OFFICIAL NAME: Republic of Ivory Coast (Cote D'Ivoire)
SYSTEM OF GOVERNMENT: Multiparty Republic
AREA: 322,463 Sq Km (124,504 Sq Mi)
ESTIMATED 2000 POPULATION 16,310,500
LOCATION & GEOGRAPHY: Ivory Coast is located on the south
coast of West Africa. It is bound by Liberia and Guinea
to the west, Mali and Burkina Faso to the north, Ghana to
the east and the Atlantic Ocean to the south. The country
is a southward sloping plateau and has three principal geographic
regions. (1.) The Lagoon Region along the coast which is
fringed by sandy beaches. (2.) The Central Forest Belt which
lies between the coastal strip and the northern limits where
the vegetation transforms to (3.) the grassy woodlands which
is a savannah of grass and scrubs. The country is drained
by the Comoe, Bandama, Sassandra and Cavally Rivers which
flow from north to south. Major Cities (pop. est.); Abidjan
2,168,000, Bouake 329,900, daloa 121,800, Korhogo 109,400,
Yamoussoukro 106,800 (1988). Land Use; forested 22%, pastures
41%, agricultural-cultivated 12%, other 25% (1993).
CLIMATE: Ivory Coast has a tropical climate with four seasons
in the coastal and central regions and two seasons in the northern savannah
region. The coastal and central region has (1.) a long dry season from
December to May and (2.) a short dry season from July to October as well
as (3.) a long rainy season from May to July and (4.) a short rainy season
from October to November. The savannah region has a long dry season from
November to May and a wet season from June to October. The prevailing winds
are the SW Monsoon and the northeastern Harmattan which is a dry dust-laden
wind from the Sahara Desert. Average temperature ranges in Abidjan are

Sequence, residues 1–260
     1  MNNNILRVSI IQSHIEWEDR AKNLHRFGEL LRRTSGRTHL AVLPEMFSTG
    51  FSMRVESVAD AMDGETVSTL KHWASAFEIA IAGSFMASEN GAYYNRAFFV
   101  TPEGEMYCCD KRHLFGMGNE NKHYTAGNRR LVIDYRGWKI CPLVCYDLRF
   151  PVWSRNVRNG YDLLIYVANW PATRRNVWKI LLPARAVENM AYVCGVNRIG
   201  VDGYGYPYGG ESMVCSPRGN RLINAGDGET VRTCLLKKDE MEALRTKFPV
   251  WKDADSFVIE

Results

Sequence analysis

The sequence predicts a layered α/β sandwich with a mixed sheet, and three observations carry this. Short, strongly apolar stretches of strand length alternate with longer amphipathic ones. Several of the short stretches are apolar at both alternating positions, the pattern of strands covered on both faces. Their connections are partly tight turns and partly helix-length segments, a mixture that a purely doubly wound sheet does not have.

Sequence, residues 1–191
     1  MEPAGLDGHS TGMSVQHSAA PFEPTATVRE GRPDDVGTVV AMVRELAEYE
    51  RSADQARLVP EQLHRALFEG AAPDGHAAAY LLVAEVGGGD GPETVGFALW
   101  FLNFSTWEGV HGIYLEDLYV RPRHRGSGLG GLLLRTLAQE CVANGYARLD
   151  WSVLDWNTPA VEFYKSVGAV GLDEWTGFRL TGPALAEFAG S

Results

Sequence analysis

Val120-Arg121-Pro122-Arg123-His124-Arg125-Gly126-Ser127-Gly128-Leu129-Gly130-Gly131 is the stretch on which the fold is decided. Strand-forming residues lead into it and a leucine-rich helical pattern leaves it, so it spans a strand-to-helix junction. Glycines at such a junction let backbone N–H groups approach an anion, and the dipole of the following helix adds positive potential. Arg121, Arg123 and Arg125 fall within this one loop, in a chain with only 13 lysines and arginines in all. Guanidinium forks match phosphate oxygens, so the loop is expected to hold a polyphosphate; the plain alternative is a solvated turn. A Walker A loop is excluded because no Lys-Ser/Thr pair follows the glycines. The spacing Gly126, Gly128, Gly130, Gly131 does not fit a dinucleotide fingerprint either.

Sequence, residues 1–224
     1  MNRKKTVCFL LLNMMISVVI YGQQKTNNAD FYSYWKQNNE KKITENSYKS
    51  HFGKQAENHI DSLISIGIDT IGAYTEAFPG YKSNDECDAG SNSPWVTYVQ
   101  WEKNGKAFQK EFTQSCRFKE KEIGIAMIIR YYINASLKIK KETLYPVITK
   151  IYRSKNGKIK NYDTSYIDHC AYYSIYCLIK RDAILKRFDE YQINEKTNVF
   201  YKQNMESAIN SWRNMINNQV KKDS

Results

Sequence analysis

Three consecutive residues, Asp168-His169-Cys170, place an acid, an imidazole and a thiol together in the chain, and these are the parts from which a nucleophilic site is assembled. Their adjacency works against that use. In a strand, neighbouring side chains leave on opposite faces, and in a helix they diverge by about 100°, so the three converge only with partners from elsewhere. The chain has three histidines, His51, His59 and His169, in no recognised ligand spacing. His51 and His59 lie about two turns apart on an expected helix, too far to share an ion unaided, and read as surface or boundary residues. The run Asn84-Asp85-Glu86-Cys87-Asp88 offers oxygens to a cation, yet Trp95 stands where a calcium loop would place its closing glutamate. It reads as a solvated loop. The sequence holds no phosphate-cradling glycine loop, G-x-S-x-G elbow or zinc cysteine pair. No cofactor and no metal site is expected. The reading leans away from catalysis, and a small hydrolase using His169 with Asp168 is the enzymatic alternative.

from 22 degrees Celsius (72 degrees Fahrenheit) to 32 degrees Celsius (90
degrees Fahrenheit) all year.
PEOPLE: The population consists of more than 60 ethnic groups
which are divided into 7 principal cluster groups. The Akan, Krou or Kru,
Lagoon, Nuclear-Mande, Peripheral-Mande, Senoufo and the Lobi. Other ethnic
aliens include groups from Burkina Faso, Mali, Ghana and Guinea. In addition,
there are small numbers of Lebanese and French.
DEMOGRAPHIC/VITAL STATISTICS: Density; 39 persons per sq km (101
persons per sq mi) (1991). Urban-Rural; 44.8% urban, 55.2% rural (1988).
Sex Distribution; 51.0% male, 49.0% female (1987). Life Expectancy at Birth;
52.0 years male, 56.0 years female (1990). Age Breakdown; 46% under 15,
25% 15 to 29, 16% 30 to 44, 9% 45 to 59, 4% 60 and over (1987). Birth Rate;
48.0 per 1,000 (1990). Death Rate; 13.0 per 1,000 (1990). Increase Rate;
35.0 per 1,000 (1990). Infant Mortality Rate; 88.0 per 1,000 live births
RELIGIONS: Around 60% of the population follow local native tribal
beliefs while 20% are Muslims and 20% are Christians, of which the Roman
Catholics represent 15% and the remainder are Protestants.
LANGUAGES: The official language is French, although there are
some 60 local African languages spoken throughout the country with the
four principal ones being Agni, Baoule, Senoufo and Malinke-Bambara-Dioula.